Louisiana : Safety by City
- Baton Rouge
- Bossier City
- Lake Charles
- New Iberia
- New Orleans
If you’ve ever enjoyed a bottle of Coca-Cola, you can thank Monroe, Louisiana, and the family that helped put the city on the map.
This northern Louisiana city sits on the Ouachita River with West Monroe across the bridge.
They are separate cities, with each having its own law enforcement and city leadership, but they share tourist attractions and Louisiana culture.
Monroe is about 100 miles east of Shreveport.
Monroe is home to fewer than 50,000 people and offers small-town charm with modem amenities and some historical attractions, with a Duck Dynasty tour mixed in to balance it all out.
There’s also a plethora of wilderness activities as the surrounding area is rural and full of adventures.
You can still explore swamps even though you’re several hours from the coast.
Antique lovers will find a whole section of town for browsing, and animal lovers can meet more than 500 species at the Louisiana Purchase Gardens and Zoo.
There’s a lot to do here, but a lot of safety information we need to discuss.
Warnings & Dangers in Monroe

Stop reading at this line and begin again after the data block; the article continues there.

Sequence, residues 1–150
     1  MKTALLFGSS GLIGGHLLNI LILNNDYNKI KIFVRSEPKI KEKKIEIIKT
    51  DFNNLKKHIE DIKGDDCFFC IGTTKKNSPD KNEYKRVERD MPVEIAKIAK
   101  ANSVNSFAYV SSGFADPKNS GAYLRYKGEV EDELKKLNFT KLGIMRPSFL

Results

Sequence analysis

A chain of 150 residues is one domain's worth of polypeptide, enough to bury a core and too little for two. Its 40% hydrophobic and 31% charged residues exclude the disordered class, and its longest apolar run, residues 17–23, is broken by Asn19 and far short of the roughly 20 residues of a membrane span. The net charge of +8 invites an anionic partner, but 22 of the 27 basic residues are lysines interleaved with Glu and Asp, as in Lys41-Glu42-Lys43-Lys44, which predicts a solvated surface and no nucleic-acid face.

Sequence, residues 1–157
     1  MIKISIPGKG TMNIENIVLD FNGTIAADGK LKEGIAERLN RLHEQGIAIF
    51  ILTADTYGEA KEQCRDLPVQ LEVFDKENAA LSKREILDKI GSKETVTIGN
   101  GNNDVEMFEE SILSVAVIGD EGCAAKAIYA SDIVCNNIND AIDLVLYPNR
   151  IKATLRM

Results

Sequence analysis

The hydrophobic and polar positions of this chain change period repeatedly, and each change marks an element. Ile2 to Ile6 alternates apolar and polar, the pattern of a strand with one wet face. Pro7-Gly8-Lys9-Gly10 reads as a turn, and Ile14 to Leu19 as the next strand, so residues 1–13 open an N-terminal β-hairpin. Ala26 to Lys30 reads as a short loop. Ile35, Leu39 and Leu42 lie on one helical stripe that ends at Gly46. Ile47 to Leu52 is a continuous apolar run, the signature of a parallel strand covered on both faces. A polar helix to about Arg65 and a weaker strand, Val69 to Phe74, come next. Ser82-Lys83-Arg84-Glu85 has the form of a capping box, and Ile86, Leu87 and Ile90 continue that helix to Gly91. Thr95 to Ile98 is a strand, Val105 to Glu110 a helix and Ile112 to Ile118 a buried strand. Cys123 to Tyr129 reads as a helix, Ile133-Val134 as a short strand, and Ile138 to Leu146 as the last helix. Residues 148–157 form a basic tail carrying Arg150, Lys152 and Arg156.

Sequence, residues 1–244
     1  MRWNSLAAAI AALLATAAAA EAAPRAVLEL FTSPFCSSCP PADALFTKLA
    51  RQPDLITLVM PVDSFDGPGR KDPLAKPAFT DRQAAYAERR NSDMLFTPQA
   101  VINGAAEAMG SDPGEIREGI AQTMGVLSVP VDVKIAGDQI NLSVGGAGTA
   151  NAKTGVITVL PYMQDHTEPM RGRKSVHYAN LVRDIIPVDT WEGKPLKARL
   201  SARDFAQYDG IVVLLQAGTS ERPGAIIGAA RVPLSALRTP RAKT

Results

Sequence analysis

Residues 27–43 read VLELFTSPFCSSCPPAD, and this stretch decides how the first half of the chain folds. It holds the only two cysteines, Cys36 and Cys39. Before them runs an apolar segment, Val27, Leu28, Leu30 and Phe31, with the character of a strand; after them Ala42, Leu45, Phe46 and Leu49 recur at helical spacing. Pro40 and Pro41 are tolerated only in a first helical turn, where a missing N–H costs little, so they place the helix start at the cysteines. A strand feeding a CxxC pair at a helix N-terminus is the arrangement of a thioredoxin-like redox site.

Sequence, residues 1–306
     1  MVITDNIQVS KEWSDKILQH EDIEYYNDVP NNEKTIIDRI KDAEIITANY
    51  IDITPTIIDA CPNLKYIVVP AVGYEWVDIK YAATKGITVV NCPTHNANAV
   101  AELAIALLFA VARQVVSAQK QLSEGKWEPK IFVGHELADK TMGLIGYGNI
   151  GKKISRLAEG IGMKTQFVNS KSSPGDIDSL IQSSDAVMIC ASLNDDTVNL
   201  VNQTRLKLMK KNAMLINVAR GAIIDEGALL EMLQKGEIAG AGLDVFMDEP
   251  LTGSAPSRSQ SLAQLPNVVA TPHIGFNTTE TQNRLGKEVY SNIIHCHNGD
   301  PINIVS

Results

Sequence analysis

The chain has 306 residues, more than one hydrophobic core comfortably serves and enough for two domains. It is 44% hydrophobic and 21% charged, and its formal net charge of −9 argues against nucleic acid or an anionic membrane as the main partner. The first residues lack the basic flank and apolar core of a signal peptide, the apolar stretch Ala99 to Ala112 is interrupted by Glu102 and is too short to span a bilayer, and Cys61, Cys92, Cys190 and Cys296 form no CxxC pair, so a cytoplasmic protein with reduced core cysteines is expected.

OVERALL RISK : HIGH
Monroe has a high risk, and that's not a designation we give lightly. Violent crime rates are nearly seven times the national average, and violent crime reduction strategies in this city are being worked on at the federal level and in the state legislature. While most of the crime is among people who know each other, there's enough of it that a visitor here should be aware of the ongoing problem.
TRANSPORT & TAXIS RISK : LOW
Monroe Transit offers a local bus system with 10 routes throughout the city. You can review the ETA Sort Bus Tracker to learn more about those routes. Taxis and rideshares are available, but you'll likely feel safer having your own vehicle here.
PICKPOCKETS RISK : LOW
Four pickpockets and purse snatching were reported in 2021, but the overall theft rate is three times the national average. It's especially important not to leave personal items in your vehicle.